Pictured are our panelists: (left to right) Alan Doherty, Alan Robertson and Marco Narajos. Photo credits go to Alexandra Kimmons, our Disabilities Rep. 


 

In Hilary Term 2016, February 19th, It Happens Here organised a panel discussion to raise awareness of sexual violence towards men. In this discussion we were joined by Alan Doherty (service manager of the Thames Valley SARC), Alan Robertson (Independent Sexual Violence Advisor from SurvivorsUK) and Marco Narajos (former co-chair of Mind Your Head).

Sexual assault is often presumed to only take the form of a female victim and a male perpetrator by many people. Indeed, every survey suggests that the majority of victims of sexual violence are female. However, as a campaign which works to stop sexual violence by raising awareness and providing a platform to all survivors, “It Happens Here” believes that it is crucial for us to listen to male survivors equally. The psychological trauma and pressure suffered by male victims can manifest in different ways from that of female victims and through this panel discussion, we were able to bring to surface an issue that is not discussed often enough.

According to the report produced by the Ministry of Justice and the Office for National Statistics, 0.4% of men said that they have suffered some kind of sexual violence in the past 12 months- this amounts to 72,000 men per year on average.

This calculation also does not consider the unreported incidents, which should not be ignored since the government speculates that only 4% ~ 6% of sexual assaults against men are actually reported. This is a figure much lower than that of female rape, which is estimated to be around 10%.

Alan Robertson told us that a large fraction of men who seek for help from SurvivorsUK are men in their 40’s, 50’s and 60’s who have been assaulted many years ago but have never discussed their experiences with anyone before. Both Alan Doherty and Alan Robertson agreed that these men come with a crushing sense of guilt accompanied by some confusion over their masculinity and sexual orientation. According to Alan Doherty, one of the most common phrases he has heard was “I feel like less of a man”. This highlights the standards of hyper-masculinity that is imposed on men, which insists that “real men” are always sexually active and looking for sex. It was this exact standard, which inhibited these men from acknowledging what had happened to them and seek for help for all those years.

Many men also came forward and asked “Does being raped makes me gay?”. This question was particularly common among victims who had an erection when they were raped. However, Alan Doherty stressed that erection is simply a physical reaction, which in the cases of rape is often due to stress. Having an erection does not suggest that he wanted or enjoyed rape- the notion is absurd. Rape leading to such confusion of sexual orientation seems to reflect once again the standards of hyper-masculinity but also the general misunderstanding of the nature of sexual violence. Sexual violence is not about lust and desire but is about violence, anger and power.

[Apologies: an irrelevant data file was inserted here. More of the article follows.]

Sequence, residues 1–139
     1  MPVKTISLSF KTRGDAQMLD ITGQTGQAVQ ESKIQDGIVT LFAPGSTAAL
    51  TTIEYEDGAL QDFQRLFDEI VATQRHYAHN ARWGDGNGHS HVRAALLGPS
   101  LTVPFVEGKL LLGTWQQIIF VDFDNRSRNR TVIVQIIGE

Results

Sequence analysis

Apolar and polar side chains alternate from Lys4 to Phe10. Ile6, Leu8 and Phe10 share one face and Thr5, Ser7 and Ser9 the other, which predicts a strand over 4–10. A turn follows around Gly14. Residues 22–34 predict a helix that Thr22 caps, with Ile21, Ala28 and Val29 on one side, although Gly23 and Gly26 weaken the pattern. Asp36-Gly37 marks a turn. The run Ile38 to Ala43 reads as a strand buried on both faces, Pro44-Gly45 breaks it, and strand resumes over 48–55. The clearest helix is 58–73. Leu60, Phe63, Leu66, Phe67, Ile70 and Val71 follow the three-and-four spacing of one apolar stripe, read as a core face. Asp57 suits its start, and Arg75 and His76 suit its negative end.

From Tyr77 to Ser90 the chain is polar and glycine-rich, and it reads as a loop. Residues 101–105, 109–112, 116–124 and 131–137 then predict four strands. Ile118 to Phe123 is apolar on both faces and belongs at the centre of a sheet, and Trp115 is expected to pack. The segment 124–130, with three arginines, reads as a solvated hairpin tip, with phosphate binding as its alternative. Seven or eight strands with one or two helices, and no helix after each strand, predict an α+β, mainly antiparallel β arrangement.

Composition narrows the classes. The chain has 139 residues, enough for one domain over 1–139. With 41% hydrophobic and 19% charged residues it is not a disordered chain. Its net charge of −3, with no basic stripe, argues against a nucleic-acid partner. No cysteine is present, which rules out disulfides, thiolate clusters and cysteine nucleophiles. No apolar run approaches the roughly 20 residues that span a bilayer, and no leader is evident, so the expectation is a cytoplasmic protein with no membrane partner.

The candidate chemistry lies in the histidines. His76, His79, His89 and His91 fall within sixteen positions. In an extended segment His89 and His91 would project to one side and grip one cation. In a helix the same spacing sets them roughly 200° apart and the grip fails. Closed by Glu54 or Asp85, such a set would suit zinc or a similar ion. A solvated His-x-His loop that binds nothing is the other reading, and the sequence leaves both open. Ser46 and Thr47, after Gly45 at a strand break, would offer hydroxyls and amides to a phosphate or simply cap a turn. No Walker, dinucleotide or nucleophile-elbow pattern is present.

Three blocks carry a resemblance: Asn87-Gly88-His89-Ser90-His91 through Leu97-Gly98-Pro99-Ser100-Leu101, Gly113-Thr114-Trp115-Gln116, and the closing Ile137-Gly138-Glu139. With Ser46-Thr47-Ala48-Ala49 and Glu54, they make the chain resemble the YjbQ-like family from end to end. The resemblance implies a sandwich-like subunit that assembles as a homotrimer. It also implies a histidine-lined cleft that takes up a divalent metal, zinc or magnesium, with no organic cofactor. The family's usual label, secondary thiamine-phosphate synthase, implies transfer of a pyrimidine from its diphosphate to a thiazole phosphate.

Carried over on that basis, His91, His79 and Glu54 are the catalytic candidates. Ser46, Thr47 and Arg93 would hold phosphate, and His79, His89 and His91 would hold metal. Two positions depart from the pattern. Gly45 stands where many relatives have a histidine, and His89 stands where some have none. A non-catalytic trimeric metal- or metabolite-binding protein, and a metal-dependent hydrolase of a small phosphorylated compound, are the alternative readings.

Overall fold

Marco also discussed the existing barriers that face male survivors, along with miscommunication and lack of training among the police officers, which take the form of social pressures and various mental disorders. Common mental disorders among male survivors include depression and body dysmorphia. Further to the guilt that the victims often place on themselves, it is not unusual for them to feel betrayed by their own bodies. Unfortunately men are also less likely to seek for help from mental disorders, which is likely to be related to the denial and the difficulty in acknowledging what had happened to them in the first place.

During the questions, we also discussed the effects of social media on sexual assaults. Applications such as Tinder or Grindr have, in some cases, exposed people to dangerous environments in the privacy of other people’s houses, and therefore should be better regulated. Another issue we must take note of, according to Alan Robertson, is “chemsex”. Chemsex is a subculture, most popular among gay men, which is a binge of sex and drugs, often happening over as long as three days. This phenomenon is growing alarmingly in cities such as London and receiving any legal help against rape in such cases become incredibly difficult for these men.

All of our panellists agreed that more men are sexually assaulted than what what is commonly conceived, and there is a clear lack of dialogue regarding this issue. Meeting the victims and seeing such horrific things happening to their clients on a daily basis is upsetting to say the least. However, there is hope. Even for us, the members of “It Happens Here”, to meet these people who have dedicated their lives to help the victims is inspiring and their commitment to the cause is infectious to us all. Alan Doherty shared with us that every client he has come across came with the mind-set of “I don’t want what’s happened to me to happen to anyone else”. To have gone through such experience, and yet still manage to show such strength and care for the rest- it is hard to believe that this is not a worthy cause that he is fighting against.

Dabin Kwon, Events Team

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